As someone who had SRT after my PSA had risen from 0.02 to 0.4 and am now, more than 4 years after SRT, getting PSA results of 0.00, here is my understanding. Prostate cancer cells are not very good at surviving outside of the prostate. To be able to travel to local areas within the prostate bed (including seminal vesicles, or local lymph nodes), it may need to mutate a bit, but not necessarily a lot. But to survive in more distant parts of the body, the PCa cells need to mutate further. In my own case, at the time of my SRT, I had an enlarged lymph node near the prostate bed, which was directly targeted as part of my SRT treatment. So far, so good. The SRT, even with its admitted risks, has worked for me so far. Given that I had PCa in seminal vesicle on one side and at least one lymph node, there is ample reason to believe it may have escaped to further regions of my body. But so far, my PSA says otherwise. Even if it returns, which the nomograms say it well may, I'm convinced that if I hadn't done the SRT 4 years ago when my PSA hit 0.4 and was doubling in under 6 months, I'd have long since been on Luperon, with all of its side effects. But for more than 4 years the SRT has prevented me from having to go there.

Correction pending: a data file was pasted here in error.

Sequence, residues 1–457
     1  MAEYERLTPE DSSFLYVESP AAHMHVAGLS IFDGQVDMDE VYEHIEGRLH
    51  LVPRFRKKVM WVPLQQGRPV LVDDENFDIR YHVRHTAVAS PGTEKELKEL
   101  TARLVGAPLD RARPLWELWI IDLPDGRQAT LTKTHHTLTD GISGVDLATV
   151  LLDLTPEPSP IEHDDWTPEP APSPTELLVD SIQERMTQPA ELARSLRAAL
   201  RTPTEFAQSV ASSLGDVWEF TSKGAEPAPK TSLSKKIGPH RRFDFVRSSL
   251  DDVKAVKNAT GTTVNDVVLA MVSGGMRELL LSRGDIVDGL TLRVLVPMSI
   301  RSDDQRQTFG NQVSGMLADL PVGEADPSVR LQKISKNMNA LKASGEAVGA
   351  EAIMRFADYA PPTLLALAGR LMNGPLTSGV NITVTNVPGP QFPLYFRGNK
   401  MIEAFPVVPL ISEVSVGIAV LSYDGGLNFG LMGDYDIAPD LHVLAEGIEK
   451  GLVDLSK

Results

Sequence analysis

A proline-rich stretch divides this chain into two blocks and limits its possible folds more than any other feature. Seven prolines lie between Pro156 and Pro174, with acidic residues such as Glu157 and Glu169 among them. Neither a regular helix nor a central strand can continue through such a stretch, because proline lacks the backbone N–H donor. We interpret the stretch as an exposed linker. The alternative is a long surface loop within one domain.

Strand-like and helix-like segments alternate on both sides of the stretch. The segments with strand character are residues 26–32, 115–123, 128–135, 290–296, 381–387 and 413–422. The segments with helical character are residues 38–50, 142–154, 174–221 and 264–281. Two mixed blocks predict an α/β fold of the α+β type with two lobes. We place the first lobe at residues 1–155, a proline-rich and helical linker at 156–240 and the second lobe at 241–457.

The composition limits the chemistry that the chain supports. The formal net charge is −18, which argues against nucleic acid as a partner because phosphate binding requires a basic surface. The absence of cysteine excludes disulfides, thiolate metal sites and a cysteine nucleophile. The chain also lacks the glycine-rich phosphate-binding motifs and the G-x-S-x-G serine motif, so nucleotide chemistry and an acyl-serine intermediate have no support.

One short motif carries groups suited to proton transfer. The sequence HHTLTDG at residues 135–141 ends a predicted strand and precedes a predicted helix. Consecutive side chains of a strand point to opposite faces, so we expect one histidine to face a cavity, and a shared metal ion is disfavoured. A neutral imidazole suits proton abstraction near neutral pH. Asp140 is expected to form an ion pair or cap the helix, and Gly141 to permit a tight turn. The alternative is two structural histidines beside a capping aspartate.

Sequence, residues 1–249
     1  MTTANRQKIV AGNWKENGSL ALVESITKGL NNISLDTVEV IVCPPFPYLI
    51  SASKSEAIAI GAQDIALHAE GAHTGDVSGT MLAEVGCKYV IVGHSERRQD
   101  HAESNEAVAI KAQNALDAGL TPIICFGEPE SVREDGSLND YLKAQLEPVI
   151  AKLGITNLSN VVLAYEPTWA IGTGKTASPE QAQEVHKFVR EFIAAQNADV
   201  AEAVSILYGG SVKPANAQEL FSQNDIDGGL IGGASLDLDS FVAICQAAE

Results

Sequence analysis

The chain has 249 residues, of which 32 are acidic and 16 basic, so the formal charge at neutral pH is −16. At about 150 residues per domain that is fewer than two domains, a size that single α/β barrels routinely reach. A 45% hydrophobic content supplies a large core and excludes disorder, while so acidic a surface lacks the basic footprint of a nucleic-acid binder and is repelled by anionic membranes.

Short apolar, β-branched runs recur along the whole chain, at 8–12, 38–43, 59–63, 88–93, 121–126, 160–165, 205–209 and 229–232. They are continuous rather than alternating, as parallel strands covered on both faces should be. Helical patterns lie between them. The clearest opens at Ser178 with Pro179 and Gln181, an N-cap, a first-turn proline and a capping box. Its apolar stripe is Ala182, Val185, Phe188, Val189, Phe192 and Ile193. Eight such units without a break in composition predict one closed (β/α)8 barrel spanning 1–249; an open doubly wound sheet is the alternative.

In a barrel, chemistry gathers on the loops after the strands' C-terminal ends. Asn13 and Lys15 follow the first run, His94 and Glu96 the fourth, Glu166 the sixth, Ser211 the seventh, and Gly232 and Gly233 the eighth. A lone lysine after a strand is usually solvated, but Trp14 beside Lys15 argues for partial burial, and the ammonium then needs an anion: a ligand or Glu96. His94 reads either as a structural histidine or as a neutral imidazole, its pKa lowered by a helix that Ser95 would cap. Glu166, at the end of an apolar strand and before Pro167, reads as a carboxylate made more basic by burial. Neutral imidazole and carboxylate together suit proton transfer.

-DX March 2002 - PSA 9.4, 5 of 10 cores positive - 30-50%.
-RP April 2002. PT3B N0 MX Gleason=7 (3+4), 75% left lobe; small focus right lobe.
-Post-surgery PSA low of 0.01; slow rise to 0.4 (August 2009).
-SRT Jan/Feb 2010. Enlarged lymph node near prostate bed targeted. Casodex 3 months during SRT
-PSA 0.00 Apr 2013; <0.02 Sep 2013 (new lab); Apr 2014 0.00
Post Edited (Bohemond) : 9/2/2014 11:44:40 PM (GMT-6)